Friday , July 30 2021

Three-dimensional printing technology revolutionizes surgery

They look like that, they look like human heart or lungs, but in fact these organs are just copies made by the company Lazarus 3D, the United States beginning with a # 39; to three-dimensional printing technology revolutionizing the field of operation.

Having located at Houston (Texas) medical center, the largest in the world, Lazarus 3D reproduces personalized copies of human and tissue organs printed in three dimensions (3D) of the study which makes tomography or MRI of the patient deadlines that are not more than 24 hours.

This method allows doctors to emulate a complex surgical operation with a precise copy of the patient's organ, and prepare before it is implemented. The company also creates generic prototypes of different parts of the body for the training of doctors. The pieces, printed in several types of silicon, imitate the mechanical features of human organs and tissue features with a high level of detail, including a tumor structure that a patient may have. "We adapt the properties of each organ to be soft, elastic or rigid, with the consistency of human tissue," said American scientist and entrepreneur Jacques Zaneveld, founder of Lazarus 3D, to Efe.
"We can have different types of materials such as liver, fat and ligament in one model, and that satisfy the same geometry that human has," he added. For Zaneveld, who has a PhD in human and molecular genetics from Baylor College of Medicine in Houston, 3D printing technology was a hobby that led to the creation of figures later sold in anime conventions and science fiction. Ultimately, he focused on his true goal, developing the technique to improve people's health. "The conventional models that were in the market were made of rigid material, so I saw the need to create soft prototypes that reconstructed human features and could be used to perfect the custom of surgery, "he said. The company aims to reduce its modeling of errors in surgeries that give the patient's life at risk. In the United States, medical errors are the third cause of death, with more than 250,000 deaths per year, according to a study published by British Medical Journal (BMJ). Zaneveld married a lot of the "lacking" lack of lacking, because "even the most specialized surgeon can make a mistake", something that solves this revolutionary technology, ; n allow "realistic exercise", with the correct materials in the right places.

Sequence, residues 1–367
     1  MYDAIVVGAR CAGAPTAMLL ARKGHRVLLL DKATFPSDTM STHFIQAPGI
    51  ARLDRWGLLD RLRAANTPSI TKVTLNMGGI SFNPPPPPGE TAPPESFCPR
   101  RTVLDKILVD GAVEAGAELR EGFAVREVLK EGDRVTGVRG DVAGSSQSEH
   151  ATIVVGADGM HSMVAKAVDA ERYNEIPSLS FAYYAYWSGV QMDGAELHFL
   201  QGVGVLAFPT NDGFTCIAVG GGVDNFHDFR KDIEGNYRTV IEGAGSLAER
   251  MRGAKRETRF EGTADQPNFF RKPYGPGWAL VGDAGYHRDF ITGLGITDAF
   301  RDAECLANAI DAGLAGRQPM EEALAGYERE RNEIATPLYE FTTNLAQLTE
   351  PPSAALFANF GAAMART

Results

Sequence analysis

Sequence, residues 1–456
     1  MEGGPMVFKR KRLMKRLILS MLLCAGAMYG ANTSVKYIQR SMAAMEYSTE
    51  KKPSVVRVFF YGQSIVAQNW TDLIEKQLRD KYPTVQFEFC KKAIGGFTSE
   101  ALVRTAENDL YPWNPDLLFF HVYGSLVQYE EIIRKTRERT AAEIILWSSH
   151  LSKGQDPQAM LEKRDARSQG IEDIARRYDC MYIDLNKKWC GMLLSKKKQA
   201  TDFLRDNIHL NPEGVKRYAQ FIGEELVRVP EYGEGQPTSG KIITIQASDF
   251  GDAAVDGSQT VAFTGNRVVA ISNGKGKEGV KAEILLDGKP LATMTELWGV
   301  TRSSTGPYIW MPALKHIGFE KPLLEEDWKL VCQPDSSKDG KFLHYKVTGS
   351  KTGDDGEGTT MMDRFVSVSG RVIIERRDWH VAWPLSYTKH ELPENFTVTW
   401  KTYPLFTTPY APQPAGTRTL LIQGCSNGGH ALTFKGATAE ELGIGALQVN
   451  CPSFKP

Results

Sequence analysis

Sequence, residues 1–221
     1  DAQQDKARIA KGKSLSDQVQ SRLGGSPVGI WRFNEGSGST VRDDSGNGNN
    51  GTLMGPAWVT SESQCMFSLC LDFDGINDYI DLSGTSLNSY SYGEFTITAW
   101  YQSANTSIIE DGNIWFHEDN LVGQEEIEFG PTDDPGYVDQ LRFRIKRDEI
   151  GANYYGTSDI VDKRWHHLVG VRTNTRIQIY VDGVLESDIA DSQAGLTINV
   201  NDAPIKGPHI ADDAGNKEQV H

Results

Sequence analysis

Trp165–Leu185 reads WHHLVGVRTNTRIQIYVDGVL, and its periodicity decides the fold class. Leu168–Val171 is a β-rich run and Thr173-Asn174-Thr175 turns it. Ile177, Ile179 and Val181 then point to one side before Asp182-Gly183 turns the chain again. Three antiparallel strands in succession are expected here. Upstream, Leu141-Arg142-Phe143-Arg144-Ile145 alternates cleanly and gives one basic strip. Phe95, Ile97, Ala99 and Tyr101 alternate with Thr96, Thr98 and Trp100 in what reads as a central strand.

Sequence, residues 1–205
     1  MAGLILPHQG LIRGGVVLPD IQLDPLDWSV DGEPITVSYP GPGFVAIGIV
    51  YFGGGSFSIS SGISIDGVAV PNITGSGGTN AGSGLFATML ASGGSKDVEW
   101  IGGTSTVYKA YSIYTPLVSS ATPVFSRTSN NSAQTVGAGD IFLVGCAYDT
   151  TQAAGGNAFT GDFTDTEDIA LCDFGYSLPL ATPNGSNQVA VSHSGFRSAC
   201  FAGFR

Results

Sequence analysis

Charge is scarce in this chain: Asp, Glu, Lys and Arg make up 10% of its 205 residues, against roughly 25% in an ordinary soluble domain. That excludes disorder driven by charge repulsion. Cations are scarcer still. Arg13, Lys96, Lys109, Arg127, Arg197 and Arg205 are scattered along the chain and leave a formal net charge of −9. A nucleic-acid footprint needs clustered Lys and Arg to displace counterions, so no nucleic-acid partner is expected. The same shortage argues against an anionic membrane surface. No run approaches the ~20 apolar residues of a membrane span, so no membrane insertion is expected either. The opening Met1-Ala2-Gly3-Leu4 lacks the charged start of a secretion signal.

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"The ability to create these models for a specific patient is a new opportunity," said Larry Ciscon, president of Northworks 3D and a close colleague of the Houstonian company.

Lazarus 3D recently won a prize by NASAiTech 2018, an initiative of the Aeronautics and National Space Ministry (NASA), to find innovative ideas to solve the barriers to exploring the Moon and Mars in the future. The company has shown scientists and NASA researchers whose technique to print models of human organs in 3D can respond to technological challenges in space trips. Lazarus 3D envisages that its technology can be used in different situations in the space, such as the development of lightweight pieces to repair equipment, the creation of "artificial steel astronomers" to test the design of new space spaces or the training of medical astronauts that have to carry out operations. "There's a very good opportunity to explore the applications of our technology outside the field of medicine," said US scientist Smriti Zaneveld, research director and co-founder of L azarus 3D. As well as marketing these models with clients and hospitals in the United States, the company is distributed in Mexico, India, China and the United Kingdom, and there are & # 39; It plans to expand its market to other Latin American countries and the rest of the world. According to Daniel Olvera, a specialist in endowology and robotic surgery at the Zambrano Hellion Hospital in Monterrey (Mexico), the impression of Lazarus 3D allows to be more successful in intervention because "you can know the anatomical relatives and simulate surgery before interfering to the patient "..

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